The Forum | General Education

Choosing the Right College

April 28, 2020 by Nathaniel Urban

College-decision day is here. Whether online or in-person, millions of freshmen will start their first day of college in the fall. While their chosen institution’s core curriculum might be the last thing on students’ minds in the midst of the COVID-19 pandemic, a poorly constructed general education program can have a serious and far-reaching negative impact on academic performance and future career success.

A structured general education program makes up approximately one-third of a four-year undergraduate program, but new students may not know what courses to take. The What Will They Learn?® report, an annual assessment of the core curricula at over 1,100 colleges and universities, recommends that all undergraduate students take a minimum of one semester in Composition, Literature, U.S. Government or History, Economics, Mathematics, and Natural Science, as well as three consecutive semesters of a modern foreign language or two semesters of an ancient language.

A Brief History of General Education

Following the end of the American Revolution, higher education upheld a shared commitment to civic mindedness. Faculty members mandated the study of Latin, Greek, and classical literature as a means of cultivating civic virtue. Throughout the 19th and 20th centuries, new colleges and universities emerged and opinions on general education changed. Agricultural colleges focused on practical farming techniques, normal schools administered teaching certificates, and major state universities trained students in business, engineering, and medicine.

In 1945, the Harvard Red Book asserted that general education “was necessary for the growth of democracy, should emphasize the humanities on the basis of the liberal arts, and consist of courses taken by all undergraduate students.” However, with the proliferation of new, nontraditional institutions of higher education, the liberal arts were increasingly pushed out of general education programs.

Why are the Liberal Arts Important?

Students who have a strong general education in the liberal arts go on to become lawyers, doctors, entrepreneurs, and CEOs; and studies show that liberal arts courses develop the capacity for critical analysis, oral and written communication skills, and intercultural fluency that employers increasingly demand.

The liberal arts also represent the psyche (from the Greek, meaning “soul, inner life-force”) of higher education and they preserve mankind’s greatest achievements in art, literature, music, philosophy, history, languages, rhetoric, mathematics, and science.

The American Council of Trustees and Alumni (ACTA) has identified 23 schools that are committed to the serious study of the liberal arts. The liberal arts-oriented general education programs offered by these institutions ensure that students will gain an enriching education that they will value for the rest of their lives.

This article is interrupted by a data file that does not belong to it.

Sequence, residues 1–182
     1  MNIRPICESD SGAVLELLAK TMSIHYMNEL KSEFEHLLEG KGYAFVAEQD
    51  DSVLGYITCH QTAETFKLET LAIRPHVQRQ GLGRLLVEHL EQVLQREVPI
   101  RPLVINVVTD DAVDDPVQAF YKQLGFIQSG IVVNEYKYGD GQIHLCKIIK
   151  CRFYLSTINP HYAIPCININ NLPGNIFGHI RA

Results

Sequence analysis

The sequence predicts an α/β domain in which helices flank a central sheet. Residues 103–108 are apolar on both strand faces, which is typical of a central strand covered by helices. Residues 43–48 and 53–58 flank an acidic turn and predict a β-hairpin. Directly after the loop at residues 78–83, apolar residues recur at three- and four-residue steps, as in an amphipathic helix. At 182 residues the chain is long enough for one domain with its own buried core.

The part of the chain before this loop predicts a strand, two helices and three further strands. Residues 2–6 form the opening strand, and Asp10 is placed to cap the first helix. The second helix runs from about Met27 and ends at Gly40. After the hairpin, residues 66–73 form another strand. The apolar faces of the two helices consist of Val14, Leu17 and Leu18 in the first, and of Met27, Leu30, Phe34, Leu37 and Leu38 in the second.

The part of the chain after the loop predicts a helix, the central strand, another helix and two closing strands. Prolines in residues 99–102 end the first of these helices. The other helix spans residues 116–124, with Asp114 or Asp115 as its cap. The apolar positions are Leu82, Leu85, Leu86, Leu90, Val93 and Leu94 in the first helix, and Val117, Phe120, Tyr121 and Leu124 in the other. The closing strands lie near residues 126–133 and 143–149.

ACTA’s “A” Schools

An “A” school requires its students to take six of the seven core subjects as recommended by ACTA’s Council of Scholars. The list of 23 “A” schools includes several prestigious institutions, such as Baylor University, Christopher Newport University, Pepperdine University, the University of Dallas, and the University of Georgia.

Baylor University

Baylor requires all students to complete a series of courses on U.S. government or history, Western theology, American literature, fine arts, and natural science. Students are also required to study at least one foreign language and can choose from Arabic, Aramaic, Chinese, French, German, Greek, Hebrew, Italian, Japanese, Korean, Latin, Portuguese, Russian, Spanish, or Swahili.

Christopher Newport University

Christopher Newport University (CNU) is the only public university in the country to require all seven of ACTA’s core subjects. They also require computer science, fine arts, and Western Civilization. CNU’s general education program ensures that students graduate with a comprehensive set of skills that are highly desired by employers, including the capacity for critical analysis and oral and written communication.

Pepperdine University

Pepperdine University is one of three “A” schools in California, along with Thomas Aquinas College and the University of Saint Katherine. The general education program consists of courses in U.S. government or history, theology, English composition, fine arts, natural science, literature, rhetoric, mathematics, Western Civilization, psychology, sociology, and economics. The foreign language requirement allows students to choose from Arabic, Chinese, French, German, Greek, Hebrew, Italian, Japanese, and Spanish.

University of Dallas

The University of Dallas is another “A” school that is dedicated to classical liberal education. The university’s core consists of a specific set of courses focused on philosophy, English literature, theology, mathematics, fine arts, U.S. government or history, Western Civilization, economics, and classical and modern languages.

University of Georgia

The University of Georgia is the largest “A” school with almost 30,000 undergraduate students. The general education program requires all students to complete courses in mathematics, natural science, world cultures, humanities, U.S. government or history, and English composition and literature. The Board of Regents of the University System of Georgia requires all students to demonstrate competency in U.S. government or history.


Launched in 1995, we are the only organization that works with alumni, donors, trustees, and education leaders across the United States to support liberal arts education, uphold high academic standards, safeguard the free exchange of ideas on campus, and ensure that the next generation receives an intellectually rich, high-quality college education at an affordable price.

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